PIERRE, S.D. (AP) — Gov. Dennis Daugaard's office is pursuing legislation to make it clear that the governor's emergency response powers apply to destructive protests, create new trespassing penalties and make it a crime to obstruct highways based on lessons North Dakota learned from large demonstrations over the Dakota Access pipeline last year.
Officials including Daugaard have talked with Gov. Doug Burgum's administration to hear about North Dakota's experience handling the protests and what the state would have done differently, Chief of Staff Tony Venhuizen told The Associated Press on Wednesday.
"We've seen what we've seen in North Dakota, and we want to be prepared," Venhuizen said. "We certainly understand that there may be people who want to peacefully protest, and it's nobody's intention to prohibit that or prevent that, but those need to be controlled so that they don't endanger public safety or public property or private property."
A spokesman for Burgum didn't immediately return a telephone message requesting comment.
The South Dakota bill would allow the governor to declare an area a "public safety zone" if an event occurs that may consume significant public resources, poses a threat to property and threatens the health and welfare of the public.
The governor's emergency authority includes assuming control over emergency management functions, declaring an emergency in a stricken area and helping local authorities give relief and controlling access to designated emergency areas. The governor can mobilize state resources and coordinate local resources in an emergency, Venhuizen said.
The proposal would make it aggravated criminal trespass, a misdemeanor, to defy a posted order not to enter a public safety zone. The sentence would be at least 10 days in county jail, and a second offense within two years would be a felony.
The bill also would make it a misdemeanor for someone to stand in the highway to stop traffic. It's set to be discussed in a Senate committee next week.
That will ensure the public has time to read it and give testimony, Venhuizen said.
The disputed four-state pipeline could be moving oil in as little as a month, though opponents, including the Standing Rock and Cheyenne River Sioux, are promising to continue fighting the $3.8 billion project.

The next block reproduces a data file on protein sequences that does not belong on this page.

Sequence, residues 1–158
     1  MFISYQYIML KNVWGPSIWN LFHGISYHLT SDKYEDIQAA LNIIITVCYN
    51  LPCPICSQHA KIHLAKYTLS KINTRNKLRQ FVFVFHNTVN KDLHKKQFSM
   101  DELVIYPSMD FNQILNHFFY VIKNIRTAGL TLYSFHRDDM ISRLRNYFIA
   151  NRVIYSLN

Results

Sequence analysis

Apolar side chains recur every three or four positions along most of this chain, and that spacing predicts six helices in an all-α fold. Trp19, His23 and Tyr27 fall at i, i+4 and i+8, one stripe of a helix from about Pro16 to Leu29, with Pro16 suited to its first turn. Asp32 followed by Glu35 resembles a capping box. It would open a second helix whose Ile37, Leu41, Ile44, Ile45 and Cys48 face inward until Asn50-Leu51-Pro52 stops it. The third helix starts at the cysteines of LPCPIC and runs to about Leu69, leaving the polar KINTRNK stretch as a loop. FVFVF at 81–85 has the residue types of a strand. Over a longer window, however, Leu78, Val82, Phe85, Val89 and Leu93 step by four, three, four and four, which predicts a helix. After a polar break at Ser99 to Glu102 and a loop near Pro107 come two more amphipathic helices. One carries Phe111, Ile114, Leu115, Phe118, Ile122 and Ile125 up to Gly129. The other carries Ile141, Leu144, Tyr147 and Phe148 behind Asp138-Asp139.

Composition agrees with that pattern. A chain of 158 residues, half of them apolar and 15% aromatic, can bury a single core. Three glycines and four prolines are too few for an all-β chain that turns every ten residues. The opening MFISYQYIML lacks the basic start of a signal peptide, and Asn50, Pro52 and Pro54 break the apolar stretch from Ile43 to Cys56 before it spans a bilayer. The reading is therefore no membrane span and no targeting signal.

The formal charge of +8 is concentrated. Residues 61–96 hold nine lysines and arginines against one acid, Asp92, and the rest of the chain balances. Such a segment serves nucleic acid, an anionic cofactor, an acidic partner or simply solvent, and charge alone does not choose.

An encampment near the construction in southern North Dakota drew thousands of protesters last year in support of the tribes, leading to occasional clashes with law enforcement and more than 700 arrests. The camp has thinned, but law enforcement continues to maintain a presence. The cost to taxpayers has reached $33 million, the state's Joint Information Center reported Monday, and the protests have created an unprecedented burden for the state's court system.
The South Dakota proposal would let the state Supreme Court's chief justice in an emergency streamline the process for out-of-state attorneys to be allowed to defend people who are arrested, Venhuizen said. He said a huge number of cases in in the state could require more defense attorneys than could reasonably be expected to come from within just South Dakota.
In North Dakota, lawmakers recently defeated a bill prompted by protesters who blocked roads during the Dakota Access pipeline demonstrations. The bill said a driver who "unintentionally" caused an injury or death to a person blocking a road would not be charged.
Libby Skarin, policy director for the American Civil Liberties Union of South Dakota, said protest is often unpopular, but it's a fundamental the country was built on.
"We know that there have been a spate of anti-protest bills that have been popping up all over the country," Skarin said. "The idea that this bill could be some sort of pre-emption against potential protest activity is really concerning."